For his part, Thaer Abu Sharkh, the representative of the displaced Palestinians in northern Syria and a member of the General Administration for the Displaced in Azaz, believes that the administration in the city of Azaz has been able to build a network of good relations with the actors in the region, including institutions and civil groups concerned with public affairs.

Regarding the difficulties of the work of the Displaced Administration, Thaer Abu Sharkh said that there is a great responsibility to alleviate the suffering of the displaced, especially those who live in tents, with the need to secure their living requirements, and because the work of the assembly is independent and self-supporting, this limits the expansion of activities, due to the weak financial capabilities, which impede holding seminars, events, and various civil activities.

Abu Sharkh added that the governmental system in northern Syria and the multiplicity of existing authorities hinder the working mechanism, as there are institutions belonging to the two governments (the “Interim” and “Salvation Government”) and others affiliated to the local councils and each party operates according to an independent mechanism in relief work that does not allow any party to interfere by virtue of its influence and control, so we cannot provide assistance directly to the displaced people.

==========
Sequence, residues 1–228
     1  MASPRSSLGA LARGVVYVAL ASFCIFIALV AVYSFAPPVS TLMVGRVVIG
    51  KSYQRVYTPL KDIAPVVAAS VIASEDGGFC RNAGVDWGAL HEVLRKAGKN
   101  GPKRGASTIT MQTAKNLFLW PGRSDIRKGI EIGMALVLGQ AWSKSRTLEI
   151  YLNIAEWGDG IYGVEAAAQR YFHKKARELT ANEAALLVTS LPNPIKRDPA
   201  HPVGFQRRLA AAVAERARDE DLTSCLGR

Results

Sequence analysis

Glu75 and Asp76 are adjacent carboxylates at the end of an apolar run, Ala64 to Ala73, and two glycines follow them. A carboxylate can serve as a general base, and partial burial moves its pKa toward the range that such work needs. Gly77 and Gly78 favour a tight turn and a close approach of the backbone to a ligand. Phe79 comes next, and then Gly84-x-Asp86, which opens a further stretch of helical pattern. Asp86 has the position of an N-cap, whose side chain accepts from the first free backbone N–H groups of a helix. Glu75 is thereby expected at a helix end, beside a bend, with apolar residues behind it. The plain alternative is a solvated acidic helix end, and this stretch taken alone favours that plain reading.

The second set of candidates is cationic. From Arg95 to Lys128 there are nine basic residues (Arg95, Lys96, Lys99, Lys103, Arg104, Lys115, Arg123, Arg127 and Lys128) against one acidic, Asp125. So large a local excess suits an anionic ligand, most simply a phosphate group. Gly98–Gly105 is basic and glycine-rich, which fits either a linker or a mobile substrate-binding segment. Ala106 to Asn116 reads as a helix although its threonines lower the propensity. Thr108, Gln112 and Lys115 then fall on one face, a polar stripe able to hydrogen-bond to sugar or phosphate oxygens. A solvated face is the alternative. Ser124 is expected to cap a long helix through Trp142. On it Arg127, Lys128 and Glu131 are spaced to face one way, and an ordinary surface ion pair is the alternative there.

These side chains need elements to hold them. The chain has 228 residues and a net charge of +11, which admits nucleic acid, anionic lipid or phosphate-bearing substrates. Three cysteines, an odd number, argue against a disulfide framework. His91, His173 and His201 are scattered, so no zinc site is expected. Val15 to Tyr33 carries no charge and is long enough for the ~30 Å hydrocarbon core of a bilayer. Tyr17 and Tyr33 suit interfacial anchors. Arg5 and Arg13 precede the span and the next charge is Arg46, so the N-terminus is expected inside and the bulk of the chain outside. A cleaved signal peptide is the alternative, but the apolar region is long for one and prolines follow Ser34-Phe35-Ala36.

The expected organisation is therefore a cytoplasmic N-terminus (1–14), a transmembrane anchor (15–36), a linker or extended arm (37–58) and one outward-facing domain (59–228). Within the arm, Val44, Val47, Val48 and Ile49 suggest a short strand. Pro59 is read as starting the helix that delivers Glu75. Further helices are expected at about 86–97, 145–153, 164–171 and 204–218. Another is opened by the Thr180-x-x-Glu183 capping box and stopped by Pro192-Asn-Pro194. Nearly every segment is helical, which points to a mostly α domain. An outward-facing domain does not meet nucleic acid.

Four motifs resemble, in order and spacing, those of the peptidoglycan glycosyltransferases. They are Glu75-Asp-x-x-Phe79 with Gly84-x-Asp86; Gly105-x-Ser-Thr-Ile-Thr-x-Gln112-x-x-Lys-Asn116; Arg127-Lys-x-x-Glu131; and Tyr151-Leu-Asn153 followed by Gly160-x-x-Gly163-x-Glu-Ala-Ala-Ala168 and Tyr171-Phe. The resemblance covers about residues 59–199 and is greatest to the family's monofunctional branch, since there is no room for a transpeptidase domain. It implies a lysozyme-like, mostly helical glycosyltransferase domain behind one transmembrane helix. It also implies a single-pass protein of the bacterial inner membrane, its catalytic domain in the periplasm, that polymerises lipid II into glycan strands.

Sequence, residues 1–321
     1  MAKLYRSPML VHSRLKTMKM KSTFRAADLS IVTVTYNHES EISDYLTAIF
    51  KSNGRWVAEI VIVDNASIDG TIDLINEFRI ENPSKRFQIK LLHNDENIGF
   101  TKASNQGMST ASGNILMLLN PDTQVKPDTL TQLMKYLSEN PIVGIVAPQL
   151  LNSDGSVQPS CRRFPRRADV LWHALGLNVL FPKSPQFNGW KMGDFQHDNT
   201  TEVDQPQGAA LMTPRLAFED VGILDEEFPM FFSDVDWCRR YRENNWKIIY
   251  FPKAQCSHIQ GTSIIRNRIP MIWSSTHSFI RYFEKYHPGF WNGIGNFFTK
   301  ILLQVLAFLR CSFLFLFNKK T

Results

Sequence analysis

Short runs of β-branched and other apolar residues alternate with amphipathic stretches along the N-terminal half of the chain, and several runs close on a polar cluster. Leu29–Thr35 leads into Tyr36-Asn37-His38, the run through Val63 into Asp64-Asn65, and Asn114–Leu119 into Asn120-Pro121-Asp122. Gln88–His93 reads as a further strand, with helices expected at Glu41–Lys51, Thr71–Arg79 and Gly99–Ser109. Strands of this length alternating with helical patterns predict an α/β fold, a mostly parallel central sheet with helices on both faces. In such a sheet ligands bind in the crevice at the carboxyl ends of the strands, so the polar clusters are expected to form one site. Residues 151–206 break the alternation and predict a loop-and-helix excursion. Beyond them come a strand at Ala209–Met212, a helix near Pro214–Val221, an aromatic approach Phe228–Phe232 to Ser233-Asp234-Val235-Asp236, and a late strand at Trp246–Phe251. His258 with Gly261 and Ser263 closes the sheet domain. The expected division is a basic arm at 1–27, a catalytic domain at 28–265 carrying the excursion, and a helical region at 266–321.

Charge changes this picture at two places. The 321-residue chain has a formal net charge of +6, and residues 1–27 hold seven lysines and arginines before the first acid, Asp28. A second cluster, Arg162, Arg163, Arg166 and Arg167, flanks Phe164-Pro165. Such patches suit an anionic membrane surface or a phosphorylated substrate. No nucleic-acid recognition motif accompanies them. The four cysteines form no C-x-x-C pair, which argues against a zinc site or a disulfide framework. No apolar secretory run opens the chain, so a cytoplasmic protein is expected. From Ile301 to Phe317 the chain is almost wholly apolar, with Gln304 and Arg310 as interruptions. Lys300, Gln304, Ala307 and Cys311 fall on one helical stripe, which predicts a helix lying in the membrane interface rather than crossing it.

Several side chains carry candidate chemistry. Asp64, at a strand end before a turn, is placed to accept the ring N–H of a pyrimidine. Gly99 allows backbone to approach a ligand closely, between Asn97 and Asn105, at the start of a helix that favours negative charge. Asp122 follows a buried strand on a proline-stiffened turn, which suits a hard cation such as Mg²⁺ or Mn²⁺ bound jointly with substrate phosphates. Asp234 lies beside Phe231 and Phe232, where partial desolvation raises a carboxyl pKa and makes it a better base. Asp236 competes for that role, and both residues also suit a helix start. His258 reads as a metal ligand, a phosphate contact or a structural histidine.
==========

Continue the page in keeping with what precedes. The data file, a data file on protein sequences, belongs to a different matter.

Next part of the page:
According to Abu Sharkh, those in charge of the gathering seek to reorganize and restructure the public administration, document all the displaced in clear lists, and launch a special conference for the displaced to elect a new work and management body to take a clear role, activate the role of youth, and pay attention to empowering women to take a broader role.

Palestinian Displaced Association

A number of activists worked to establish the Association of the Displaced Palestinians in Northern Syria, in 2019, before obtaining a license on December 20, 2020, to be an independent civil framework active in the camps and gatherings of the Palestinian-Syrian displaced to the regions of northern Syria.

According to the association’s director, Thaer Abu Sharkh, it includes all volunteer activists and local actors who wish to help and serve the displaced Palestinians-Syrians in various aspects related to their societal, civil, and humanitarian conditions.